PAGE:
Thursday, April 14, 2011

The Carbonated Beverage of Tyrants

     When I was a kid one of the things I enjoyed most about traveling with my parents, was seeing the culture of other countries as depicted in their the media, their advertisements, their products.  One thing that was available in many other countries but not in the United States (at least not when I was younger) was the soft drink Fanta.  I remember those bright orange Fanta swooshes hanging outside of stores along unfamiliar streets and my young palate would tingle at the idea of an orange Fanta.
     So, here's what I've learned about Fanta since then.  Back during the build up to World War II, the Coca Cola Company was finding it difficult to get their product into Germany, both for logistical and political reasons.  Losing those sales would have been a huge blow to Coke's profit margin, so a new soda was developed to market in what quickly became Nazi Germany.  Coke could keep their profits but wouldn't have a great American product associated with a such an undesirable quantity.  The drink: Fanta.  One more warm memory of childhood blown to smithereens.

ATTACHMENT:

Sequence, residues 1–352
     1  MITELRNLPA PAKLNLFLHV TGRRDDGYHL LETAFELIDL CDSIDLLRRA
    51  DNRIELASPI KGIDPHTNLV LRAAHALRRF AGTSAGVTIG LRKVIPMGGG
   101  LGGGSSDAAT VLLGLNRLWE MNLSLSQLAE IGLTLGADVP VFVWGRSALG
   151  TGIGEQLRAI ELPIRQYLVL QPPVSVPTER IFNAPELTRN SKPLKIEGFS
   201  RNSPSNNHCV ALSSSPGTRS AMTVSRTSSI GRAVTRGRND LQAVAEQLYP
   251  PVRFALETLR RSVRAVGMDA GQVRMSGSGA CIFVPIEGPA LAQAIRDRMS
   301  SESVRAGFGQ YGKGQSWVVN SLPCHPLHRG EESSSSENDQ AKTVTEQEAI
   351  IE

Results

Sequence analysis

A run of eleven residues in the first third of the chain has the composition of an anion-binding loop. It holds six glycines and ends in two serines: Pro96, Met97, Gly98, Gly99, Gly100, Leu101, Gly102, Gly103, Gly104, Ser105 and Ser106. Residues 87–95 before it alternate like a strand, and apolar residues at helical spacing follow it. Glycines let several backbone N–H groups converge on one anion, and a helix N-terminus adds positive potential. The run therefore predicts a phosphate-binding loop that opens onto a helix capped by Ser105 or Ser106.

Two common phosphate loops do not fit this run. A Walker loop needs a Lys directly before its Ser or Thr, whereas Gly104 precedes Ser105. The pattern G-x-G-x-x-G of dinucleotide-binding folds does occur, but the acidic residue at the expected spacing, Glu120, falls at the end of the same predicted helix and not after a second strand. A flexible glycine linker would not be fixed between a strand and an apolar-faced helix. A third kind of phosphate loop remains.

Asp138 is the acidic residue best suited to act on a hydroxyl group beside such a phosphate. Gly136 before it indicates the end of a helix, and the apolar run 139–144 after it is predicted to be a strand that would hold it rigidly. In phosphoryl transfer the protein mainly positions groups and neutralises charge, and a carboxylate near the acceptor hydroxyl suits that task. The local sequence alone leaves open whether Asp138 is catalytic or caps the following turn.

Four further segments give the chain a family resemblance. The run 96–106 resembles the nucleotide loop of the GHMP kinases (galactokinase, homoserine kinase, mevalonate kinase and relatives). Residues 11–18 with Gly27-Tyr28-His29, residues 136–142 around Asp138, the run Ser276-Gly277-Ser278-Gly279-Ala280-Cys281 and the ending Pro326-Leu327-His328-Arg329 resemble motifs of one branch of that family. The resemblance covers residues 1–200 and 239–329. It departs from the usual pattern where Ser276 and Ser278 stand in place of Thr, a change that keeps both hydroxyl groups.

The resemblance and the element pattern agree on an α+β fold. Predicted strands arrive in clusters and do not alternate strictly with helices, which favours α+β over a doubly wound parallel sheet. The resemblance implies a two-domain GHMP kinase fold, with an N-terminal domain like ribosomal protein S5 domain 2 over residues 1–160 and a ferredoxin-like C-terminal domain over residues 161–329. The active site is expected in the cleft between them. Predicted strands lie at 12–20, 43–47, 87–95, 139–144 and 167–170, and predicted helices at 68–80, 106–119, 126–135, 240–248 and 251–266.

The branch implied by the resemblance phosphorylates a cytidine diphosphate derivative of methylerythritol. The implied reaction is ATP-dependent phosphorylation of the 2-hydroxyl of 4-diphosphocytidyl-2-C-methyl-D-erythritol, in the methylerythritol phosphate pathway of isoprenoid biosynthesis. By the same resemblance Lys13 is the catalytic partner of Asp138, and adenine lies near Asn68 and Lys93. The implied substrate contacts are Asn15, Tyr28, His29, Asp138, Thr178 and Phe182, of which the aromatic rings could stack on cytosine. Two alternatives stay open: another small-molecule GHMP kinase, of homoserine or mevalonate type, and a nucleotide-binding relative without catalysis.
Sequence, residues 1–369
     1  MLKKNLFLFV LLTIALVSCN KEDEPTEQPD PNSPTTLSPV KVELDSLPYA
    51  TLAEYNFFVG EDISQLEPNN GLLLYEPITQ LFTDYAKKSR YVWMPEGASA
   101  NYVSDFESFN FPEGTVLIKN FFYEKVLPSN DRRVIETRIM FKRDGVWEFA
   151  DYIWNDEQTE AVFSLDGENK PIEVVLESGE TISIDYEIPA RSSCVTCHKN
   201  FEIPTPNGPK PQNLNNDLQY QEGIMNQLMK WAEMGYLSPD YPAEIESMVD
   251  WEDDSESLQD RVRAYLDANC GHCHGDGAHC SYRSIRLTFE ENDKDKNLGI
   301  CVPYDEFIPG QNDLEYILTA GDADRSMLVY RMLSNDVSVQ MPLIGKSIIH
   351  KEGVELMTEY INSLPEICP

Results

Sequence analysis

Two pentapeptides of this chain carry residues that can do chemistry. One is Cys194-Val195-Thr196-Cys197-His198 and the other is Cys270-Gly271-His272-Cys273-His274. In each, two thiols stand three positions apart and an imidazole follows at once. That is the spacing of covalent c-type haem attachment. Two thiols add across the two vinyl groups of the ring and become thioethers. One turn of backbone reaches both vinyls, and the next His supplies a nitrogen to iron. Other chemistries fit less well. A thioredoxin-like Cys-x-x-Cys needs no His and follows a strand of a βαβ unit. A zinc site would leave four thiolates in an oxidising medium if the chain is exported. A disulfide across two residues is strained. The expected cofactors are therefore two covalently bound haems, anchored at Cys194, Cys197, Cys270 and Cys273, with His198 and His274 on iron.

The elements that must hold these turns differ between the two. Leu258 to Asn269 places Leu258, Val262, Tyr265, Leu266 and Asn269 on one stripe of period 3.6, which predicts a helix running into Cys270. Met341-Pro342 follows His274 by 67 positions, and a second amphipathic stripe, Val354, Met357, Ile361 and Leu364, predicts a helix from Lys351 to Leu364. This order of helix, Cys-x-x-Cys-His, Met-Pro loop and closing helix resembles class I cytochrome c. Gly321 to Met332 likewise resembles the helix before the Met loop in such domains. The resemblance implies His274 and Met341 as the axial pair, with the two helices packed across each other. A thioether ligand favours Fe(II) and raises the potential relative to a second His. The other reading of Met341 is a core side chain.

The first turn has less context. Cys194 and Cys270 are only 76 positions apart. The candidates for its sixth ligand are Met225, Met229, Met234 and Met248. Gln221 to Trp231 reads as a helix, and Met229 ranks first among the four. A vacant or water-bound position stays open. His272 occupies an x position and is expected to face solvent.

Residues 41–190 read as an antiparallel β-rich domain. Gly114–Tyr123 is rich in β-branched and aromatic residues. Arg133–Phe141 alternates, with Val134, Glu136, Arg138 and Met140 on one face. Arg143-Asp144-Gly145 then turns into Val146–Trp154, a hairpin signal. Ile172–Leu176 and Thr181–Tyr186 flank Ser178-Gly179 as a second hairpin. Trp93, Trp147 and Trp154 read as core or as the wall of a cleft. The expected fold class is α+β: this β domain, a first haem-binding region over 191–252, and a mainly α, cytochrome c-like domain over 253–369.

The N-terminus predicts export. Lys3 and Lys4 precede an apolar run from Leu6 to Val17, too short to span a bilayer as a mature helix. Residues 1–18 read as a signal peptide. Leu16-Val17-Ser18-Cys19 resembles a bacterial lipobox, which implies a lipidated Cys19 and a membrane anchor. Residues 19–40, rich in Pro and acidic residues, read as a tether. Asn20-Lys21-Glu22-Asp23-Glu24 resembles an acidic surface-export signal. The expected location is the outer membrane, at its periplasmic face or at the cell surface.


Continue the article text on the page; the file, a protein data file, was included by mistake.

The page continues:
That, of course, is the tip of the iceberg when it comes to media manipulation.  Don't even get me started on the Betty Crocker story.  It's hard these days to pick up a product, to see an ad or a TV show or a movie without wondering what you're being sold that you're not even aware of.
    So there's something fun to think about.  If the subject interests you, allow me to recommend and fantastic documentary called The Century of the Self, which is all about how corporations adopted psychological theory to help them present a palatable, inviting messages (and, incidentally, contains both the Fanta story and the Betty Crocker story).  Now what is the documentary trying to sell me that I'm not aware of?  I'm not sure, but I think I'd like it better than the other stuff.

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